Tuesday, October 24, 2006

A Different Look at Why We Should Vote

There is a strong rhetoric about voting being our duty as Americans. Frankly, I don't buy into it. In fact, I usually just vote because I feel like I will get hassled if I don't. I'm just not that into politics and I know for most issues my vote doesn't count for much. With that being said, I have encountered another reason for voting that seems to make more sense for me.

Voting causes us to explore our values and our beliefs. It seems that nearly every single proposition makes us question what we value: low taxes, homosexual marriage, etc. Voting challenges us to think about how life should be. And voting also makes us question what is feasible and what is not. For instance, I hear that certain propositions are good in principle but would create bureaucracies that would not achieve the goal very well.

And of course, voting also confronts our disdain for making a choice. Punching a ballot is permanent and suddenly our opinion becomes written in stone. We are forced not just to explore our ideas but also to stick with them, right or wrong. This is important for people who try to avoid tough decisions and rather would like to stick with thinking about them endlessly.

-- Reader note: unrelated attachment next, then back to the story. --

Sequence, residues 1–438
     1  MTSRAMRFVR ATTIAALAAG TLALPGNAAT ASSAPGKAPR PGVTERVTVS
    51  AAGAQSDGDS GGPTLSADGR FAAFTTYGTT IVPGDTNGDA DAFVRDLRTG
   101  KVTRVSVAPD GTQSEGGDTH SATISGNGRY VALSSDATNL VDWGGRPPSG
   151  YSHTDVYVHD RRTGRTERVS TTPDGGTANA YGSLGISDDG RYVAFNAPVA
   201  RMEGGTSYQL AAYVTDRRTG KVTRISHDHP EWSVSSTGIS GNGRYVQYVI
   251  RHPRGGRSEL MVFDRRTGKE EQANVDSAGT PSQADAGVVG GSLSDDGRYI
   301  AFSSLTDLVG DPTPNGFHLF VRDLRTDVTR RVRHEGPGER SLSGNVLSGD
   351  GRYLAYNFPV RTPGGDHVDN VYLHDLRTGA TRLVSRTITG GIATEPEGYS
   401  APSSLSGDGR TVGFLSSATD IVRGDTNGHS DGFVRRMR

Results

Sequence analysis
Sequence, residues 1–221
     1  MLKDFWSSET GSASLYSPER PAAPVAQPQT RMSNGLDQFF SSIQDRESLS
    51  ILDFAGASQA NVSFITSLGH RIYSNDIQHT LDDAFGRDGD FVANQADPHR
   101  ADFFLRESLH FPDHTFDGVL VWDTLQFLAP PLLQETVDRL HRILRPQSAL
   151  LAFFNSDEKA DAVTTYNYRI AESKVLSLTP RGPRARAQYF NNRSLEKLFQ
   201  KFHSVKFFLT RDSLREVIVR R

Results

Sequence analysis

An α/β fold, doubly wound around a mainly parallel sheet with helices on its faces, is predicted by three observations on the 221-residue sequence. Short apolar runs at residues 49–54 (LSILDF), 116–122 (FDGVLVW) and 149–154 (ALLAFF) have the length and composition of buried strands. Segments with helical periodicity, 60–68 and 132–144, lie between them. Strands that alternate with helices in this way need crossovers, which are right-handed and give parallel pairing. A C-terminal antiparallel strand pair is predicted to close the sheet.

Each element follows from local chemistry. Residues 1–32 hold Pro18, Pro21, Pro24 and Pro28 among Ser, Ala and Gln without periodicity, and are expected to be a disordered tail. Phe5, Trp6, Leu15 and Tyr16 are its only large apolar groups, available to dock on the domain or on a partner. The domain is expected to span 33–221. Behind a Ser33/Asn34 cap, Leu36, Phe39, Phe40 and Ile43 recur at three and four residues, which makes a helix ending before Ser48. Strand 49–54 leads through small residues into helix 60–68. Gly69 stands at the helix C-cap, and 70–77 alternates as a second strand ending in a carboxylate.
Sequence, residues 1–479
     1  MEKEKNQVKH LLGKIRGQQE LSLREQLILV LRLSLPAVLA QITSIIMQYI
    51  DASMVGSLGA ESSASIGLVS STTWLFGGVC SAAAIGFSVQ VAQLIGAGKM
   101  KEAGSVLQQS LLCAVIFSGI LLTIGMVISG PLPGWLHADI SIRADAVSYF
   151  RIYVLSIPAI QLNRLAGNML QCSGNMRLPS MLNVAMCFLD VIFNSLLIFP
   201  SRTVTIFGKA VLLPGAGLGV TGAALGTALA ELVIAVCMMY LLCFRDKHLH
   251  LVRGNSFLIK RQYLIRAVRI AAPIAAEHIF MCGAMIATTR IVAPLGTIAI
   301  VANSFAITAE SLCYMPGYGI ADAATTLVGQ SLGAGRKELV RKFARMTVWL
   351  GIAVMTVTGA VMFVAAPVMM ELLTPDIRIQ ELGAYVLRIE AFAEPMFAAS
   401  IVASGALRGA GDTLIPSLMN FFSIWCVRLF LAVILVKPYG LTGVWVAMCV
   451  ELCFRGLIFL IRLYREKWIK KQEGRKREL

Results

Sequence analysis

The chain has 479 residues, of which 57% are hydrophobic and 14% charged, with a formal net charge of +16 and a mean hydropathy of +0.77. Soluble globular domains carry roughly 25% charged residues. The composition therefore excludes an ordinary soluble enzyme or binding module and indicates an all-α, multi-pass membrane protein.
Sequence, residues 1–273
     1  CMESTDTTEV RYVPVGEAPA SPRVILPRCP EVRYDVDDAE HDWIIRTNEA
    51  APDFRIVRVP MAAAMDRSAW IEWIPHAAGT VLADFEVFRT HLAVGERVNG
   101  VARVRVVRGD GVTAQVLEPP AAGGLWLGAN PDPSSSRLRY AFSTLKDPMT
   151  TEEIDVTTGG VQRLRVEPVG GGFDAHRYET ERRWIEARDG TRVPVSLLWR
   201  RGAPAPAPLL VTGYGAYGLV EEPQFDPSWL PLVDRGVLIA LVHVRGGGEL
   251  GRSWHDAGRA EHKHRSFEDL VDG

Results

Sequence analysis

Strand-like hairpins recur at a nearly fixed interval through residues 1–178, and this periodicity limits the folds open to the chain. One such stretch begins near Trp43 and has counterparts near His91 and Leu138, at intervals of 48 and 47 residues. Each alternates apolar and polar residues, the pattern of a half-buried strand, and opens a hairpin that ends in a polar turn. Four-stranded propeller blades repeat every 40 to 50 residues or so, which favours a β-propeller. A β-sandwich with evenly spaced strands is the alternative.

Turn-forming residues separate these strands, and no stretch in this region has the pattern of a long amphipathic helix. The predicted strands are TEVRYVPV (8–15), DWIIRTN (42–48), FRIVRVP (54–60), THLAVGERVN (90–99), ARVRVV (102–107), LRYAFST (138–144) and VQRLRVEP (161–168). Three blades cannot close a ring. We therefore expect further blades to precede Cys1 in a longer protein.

So 2 weeks from today you (who are Americans) have the opportunity to vote. If you don't feel that voting is your duty, perhaps you can just think of it as a way to challenge yourself to grow. But try to do some soul-searching before you vote. And don't leave your chads hangin'....

Saturday, October 21, 2006


I just talked with a friend and he gave me some great insight. He pointed out that procrastination can be an addiction. But it's not the act of procrastination persay that we are addicted to but the rush we seem to feel when we get stressed out when an assignment is due in 4 hours. When we get to the point where we think we are entitled to feel absolutely freaked out, that's when we set to work like we have never worked before. It's almost as if we see ourselves as heroes when we finish that long paper 15 minutes before it is due.